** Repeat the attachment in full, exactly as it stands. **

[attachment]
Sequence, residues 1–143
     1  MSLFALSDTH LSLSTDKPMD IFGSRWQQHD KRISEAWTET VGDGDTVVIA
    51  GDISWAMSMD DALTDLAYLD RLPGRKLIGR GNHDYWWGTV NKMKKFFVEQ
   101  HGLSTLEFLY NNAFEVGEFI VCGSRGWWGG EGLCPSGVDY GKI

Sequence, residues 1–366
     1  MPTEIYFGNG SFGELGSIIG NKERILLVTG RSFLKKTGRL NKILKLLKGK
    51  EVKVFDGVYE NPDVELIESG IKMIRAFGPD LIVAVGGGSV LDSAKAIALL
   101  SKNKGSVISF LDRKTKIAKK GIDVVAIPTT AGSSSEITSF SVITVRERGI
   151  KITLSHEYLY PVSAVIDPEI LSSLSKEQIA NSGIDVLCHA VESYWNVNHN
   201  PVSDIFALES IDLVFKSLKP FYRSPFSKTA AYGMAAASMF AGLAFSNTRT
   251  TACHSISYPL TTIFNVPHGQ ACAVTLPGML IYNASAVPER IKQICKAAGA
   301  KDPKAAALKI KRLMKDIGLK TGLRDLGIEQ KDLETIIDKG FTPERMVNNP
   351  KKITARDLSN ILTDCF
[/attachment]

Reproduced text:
Sequence, residues 1–143
     1  MSLFALSDTH LSLSTDKPMD IFGSRWQQHD KRISEAWTET VGDGDTVVIA
    51  GDISWAMSMD DALTDLAYLD RLPGRKLIGR GNHDYWWGTV NKMKKFFVEQ
   101  HGLSTLEFLY NNAFEVGEFI VCGSRGWWGG EGLCPSGVDY GKI

Sequence, residues 1–366
     1  MPTEIYFGNG SFGELGSIIG NKERILLVTG RSFLKKTGRL NKILKLLKGK
    51  EVKVFDGVYE NPDVELIESG IKMIRAFGPD LIVAVGGGSV LDSAKAIALL
   101  SKNKGSVISF LDRKTKIAKK GIDVVAIPTT AGSSSEITSF SVITVRERGI
   151  KITLSHEYLY PVSAVIDPEI LSSLSKEQIA NSGIDVLCHA VESYWNVNHN
   201  PVSDIFALES IDLVFKSLKP FYRSPFSKTA AYGMAAASMF AGLAFSNTRT
   251  TACHSISYPL TTIFNVPHGQ ACAVTLPGML IYNASAVPER IKQICKAAGA
   301  KDPKAAALKI KRLMKDIGLK TGLRDLGIEQ KDLETIIDKG FTPERMVNNP
   351  KKITARDLSN ILTDCF